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Women & Psychosis: A Guide for Women and Their Families Centre for Addiction
and Mental Health

5. Family concerns

Women and Psychosis: A Guide for Women and Their Families

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Nothing can prepare families for watching a child, spouse or parent experience psychosis. Most families worry about whether the illness will come back. Even after the psychosis is under control, problems can remain. A person may have trouble remembering, concentrating, organizing or feeling motivated. These signs remind the family that the future is uncertain —more serious problems could still occur.

Family members may experience many strong emotions. These include anxiety, anger, denial, sadness and guilt. Feelings toward the person with the psychosis may be mixed. Becoming overly anxious and overprotective is also a risk. Family members may feel deeply disappointed that the life they wanted for their loved one has been seriously altered. All these emotions cause stress.

It’s important to realize that, even when people in the same family are dealing with the same crisis, their personal reactions and the ways that they cope are often quite different.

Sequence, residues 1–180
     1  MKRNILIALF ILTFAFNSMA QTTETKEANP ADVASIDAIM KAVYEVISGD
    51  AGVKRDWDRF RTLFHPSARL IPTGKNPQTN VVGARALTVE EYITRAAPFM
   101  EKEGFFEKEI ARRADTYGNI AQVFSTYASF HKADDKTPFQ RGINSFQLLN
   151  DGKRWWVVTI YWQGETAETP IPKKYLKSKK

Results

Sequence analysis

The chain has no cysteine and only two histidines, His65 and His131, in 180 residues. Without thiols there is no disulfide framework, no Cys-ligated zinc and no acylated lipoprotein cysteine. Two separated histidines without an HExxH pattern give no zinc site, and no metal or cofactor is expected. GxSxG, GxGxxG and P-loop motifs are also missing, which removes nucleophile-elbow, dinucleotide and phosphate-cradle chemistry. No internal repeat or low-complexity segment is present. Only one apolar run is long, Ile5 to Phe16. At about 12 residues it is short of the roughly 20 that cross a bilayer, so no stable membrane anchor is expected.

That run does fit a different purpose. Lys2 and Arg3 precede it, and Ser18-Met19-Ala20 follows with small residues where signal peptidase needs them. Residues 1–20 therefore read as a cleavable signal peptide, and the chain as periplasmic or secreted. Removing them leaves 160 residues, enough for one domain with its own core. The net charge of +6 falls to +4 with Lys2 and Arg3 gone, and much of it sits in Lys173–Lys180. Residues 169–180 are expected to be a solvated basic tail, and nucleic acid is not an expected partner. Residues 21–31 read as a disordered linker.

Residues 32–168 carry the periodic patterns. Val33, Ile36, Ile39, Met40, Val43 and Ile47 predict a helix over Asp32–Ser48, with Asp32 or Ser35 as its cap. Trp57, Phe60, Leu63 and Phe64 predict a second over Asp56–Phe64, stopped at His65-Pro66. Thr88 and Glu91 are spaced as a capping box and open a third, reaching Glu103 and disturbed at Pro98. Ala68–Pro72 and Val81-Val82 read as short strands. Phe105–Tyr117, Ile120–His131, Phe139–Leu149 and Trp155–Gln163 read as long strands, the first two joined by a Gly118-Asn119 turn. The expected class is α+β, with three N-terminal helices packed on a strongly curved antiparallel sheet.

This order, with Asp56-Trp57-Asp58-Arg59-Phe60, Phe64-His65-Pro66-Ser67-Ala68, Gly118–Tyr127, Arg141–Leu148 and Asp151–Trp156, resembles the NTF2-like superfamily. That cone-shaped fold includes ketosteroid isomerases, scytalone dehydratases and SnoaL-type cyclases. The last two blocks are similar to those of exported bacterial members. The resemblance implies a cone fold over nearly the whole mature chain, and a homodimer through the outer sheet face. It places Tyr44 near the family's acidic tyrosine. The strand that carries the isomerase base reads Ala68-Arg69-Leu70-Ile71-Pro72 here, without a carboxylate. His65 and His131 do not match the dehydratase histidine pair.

Even without an illness to deal with, families can have trouble communicating. Families dealing with psychosis can easily find communication frustrating and strained. Kim Mueser and Susan Gingerich (1994) suggest excellent ways to help families communicate after psychosis begins. These include the following:

  • Get to the point. Be clear about what you want to say.
  • Express your feelings directly. Use “I” statements. For example, you could say, “I get angry when you do this.” - rather than “Don't do this!”
  • Use praise rather than criticism. For example, you could say, “You got up half an hour earlier today than yesterday. That’s wonderful.” - rather than “You're always getting up late.”
  • Make positive and explicit requests. For example, you could say, “Please go to the store before 10 o'clock and buy a quart of milk.” - rather than “We need milk.”
  • Check what the other person thinks. Rather than guessing what your relative is thinking or feeling, listen carefully to what the person says. Ask questions when something is unclear. Check whether you correctly understood what you heard.

Working together

You and your family must face some key tasks. These include:

  • Find a way to accept that you have had an episode of psychosis and are therefore vulnerable to more episodes.
  • Come to terms with the fact that you will likely need medications for at least several years.
  • Become better able to manage the psychosis. This involves learning everything that you can about your illness and how to stay well. Using this information will help you make healthy choices. This, in turn, will help you control your illness. well. Using this information will help you make healthy choices. This, in turn, will help you control your illness.

Once the psychosis is stabilized, you and your family members will need to work hard to restore balance to your lives. It will help to set some short-, medium- and long-term goals for yourselves.

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